Reporting matters of material significance: guidance for auditors and examiners
New enhanced joint guidance from UK charity regulators sets out what auditors and independent examiners must report.
The revised list of matters of material significance is intended to assist auditors and independent examiners in meeting their reporting requirements to the charity regulators.
The new guidance adds 2 new areas for reporting:
- If an auditor has concerns regarding a charity’s accounts and issues a modified audit opinion report or qualified independent examiner’s report.
- Where an auditor has concerns that conflicts of interests or related party transactions have not been properly managed or declared.
The list has been published by the Office of the Scottish Charity Regulator (OSCR), the Charity Commission for England and Wales (CCEW) and the Charity Commission for Northern Ireland (CCNI).
In all 3 jurisdictions, auditors and examiners have a legal duty to report matters of material significance to the regulator. In order to assist them in this duty there was previously a list of matters which had been prepared jointly by OSCR and CCEW.
Recognising that a number of years had passed since the original list was developed and also that the regulator in Northern Ireland was now also in operation, a decision was taken to refresh the list, considering carefully the regulatory experience to date.
A revised list of matters was prepared and consulted on from May to September 2016. Consultation feedback was fully considered and a final list has now been developed. The new list of 9 matters of material significance includes 2 new matters (matters 8 and 9) that need to be reported and removes one requirement to report (see ‘Notes to editors’).
The updated list can be viewed on GOV.UK.
Nigel Davies, Head of Accountancy Services at the Charity Commission of England and Wales, said:
Auditors and examiners play a vital role in supporting us to carry out our regulatory functions. We have, as regulators, reflected on our experiences to date and it is clear that not all auditors and examiners have been reporting matters to us. We hope that by providing an updated list auditors and examiners may be clearer in their duties. We urge auditors and examiners to read this updated list of matters which has been informed by our regulatory work to report and continue to report these serious issues to the regulators.
Laura Anderson, Head of Professional Advice and Intelligence at the OSCR said:
The revised list of matters has been drawn from our experience as regulators. We have been greatly encouraged by the level of feedback we have received through our consultation, which has allowed us to refine the list, ensuring it meets both the needs of the regulators as well as examiners and auditors.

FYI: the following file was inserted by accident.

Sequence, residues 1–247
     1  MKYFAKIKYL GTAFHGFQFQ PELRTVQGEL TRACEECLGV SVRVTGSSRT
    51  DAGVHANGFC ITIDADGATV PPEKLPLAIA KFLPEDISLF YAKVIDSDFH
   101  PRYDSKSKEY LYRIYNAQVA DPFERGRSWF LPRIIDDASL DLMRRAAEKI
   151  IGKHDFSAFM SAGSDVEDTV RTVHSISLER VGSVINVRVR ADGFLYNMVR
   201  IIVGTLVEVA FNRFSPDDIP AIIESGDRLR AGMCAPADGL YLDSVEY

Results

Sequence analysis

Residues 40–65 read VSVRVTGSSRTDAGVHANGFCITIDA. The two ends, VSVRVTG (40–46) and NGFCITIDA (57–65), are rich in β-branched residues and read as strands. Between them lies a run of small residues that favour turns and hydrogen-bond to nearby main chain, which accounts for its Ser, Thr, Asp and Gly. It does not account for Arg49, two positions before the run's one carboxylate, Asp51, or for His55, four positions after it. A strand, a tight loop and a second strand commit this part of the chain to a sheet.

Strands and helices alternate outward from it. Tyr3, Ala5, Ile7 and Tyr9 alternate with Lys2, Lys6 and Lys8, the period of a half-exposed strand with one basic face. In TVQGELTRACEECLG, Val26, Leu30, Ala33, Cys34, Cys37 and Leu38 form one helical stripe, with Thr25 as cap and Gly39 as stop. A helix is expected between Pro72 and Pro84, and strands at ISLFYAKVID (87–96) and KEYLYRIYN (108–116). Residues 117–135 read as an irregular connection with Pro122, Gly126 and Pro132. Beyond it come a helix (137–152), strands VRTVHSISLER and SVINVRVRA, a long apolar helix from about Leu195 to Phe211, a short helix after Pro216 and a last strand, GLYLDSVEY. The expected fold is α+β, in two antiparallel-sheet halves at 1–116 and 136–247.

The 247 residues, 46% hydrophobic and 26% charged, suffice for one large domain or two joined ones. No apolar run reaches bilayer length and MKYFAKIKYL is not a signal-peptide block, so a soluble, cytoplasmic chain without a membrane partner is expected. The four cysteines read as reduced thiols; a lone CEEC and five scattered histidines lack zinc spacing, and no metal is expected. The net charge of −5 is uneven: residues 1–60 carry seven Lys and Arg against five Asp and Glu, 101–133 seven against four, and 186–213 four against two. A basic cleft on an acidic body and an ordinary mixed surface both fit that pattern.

Myles McKeown, Head of Compliance and Enquiries at CCNI said:
As a relatively new regulator the list of matters of material significance will be of great assistance to auditors and examiners in our jurisdiction. We have welcomed the opportunity to work together with colleagues in CCEW and OSCR in developing and publishing the final list.
Notes to editors
- Matter 8 from the previous list of matters to be reported has been removed. This is due to the fact that this led to auditors and independent examiners advising the regulator where they had simply ceased to hold office. Where ceasing to hold office occurs due to a reportable matter this is covered by an alternative matter.
- Matter 8: “Any notification or matter reported to the trustees on resigning as independent examiner or matter that the examiner is aware of on resignation or ceasing to act that falls within the categories of the previously set out reportable matters, or for examiners the notification on ceasing to hold office or resigning from office, of those matters reported to trustees”.
- Under legislation in England and Wales, Scotland and Northern Ireland, auditors and independent examiners have a duty to report certain matters to their respective charity regulators. Although the legislation varies in each jurisdiction the broad requirement is that where an auditor or independent examiner becomes aware of any matter, through the course of their work, which they believe is of material significance for the regulator in the exercise of their function.
- The Office of the Scottish Charity Regulator (OSCR) is the independent regulator and registrar of Scotland’s 23,500 charities and publishes the Scottish Charity Register at www.oscr.org.uk. Our vision is for charities in which the public has confidence and which provide public benefit.
- The Charity Commission for Northern Ireland is the independent regulator of charities in Northern Ireland, established under the Charities Act (Northern Ireland) 2008, responsible for ensuring Northern Ireland has a dynamic and well governed charities sector in which the public can have confidence.
- The Charity Commission is the independent regulator of charities in England and Wales. To find out more about our work, see our annual report.
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Published: 12 April 2017
From: The Charity Commission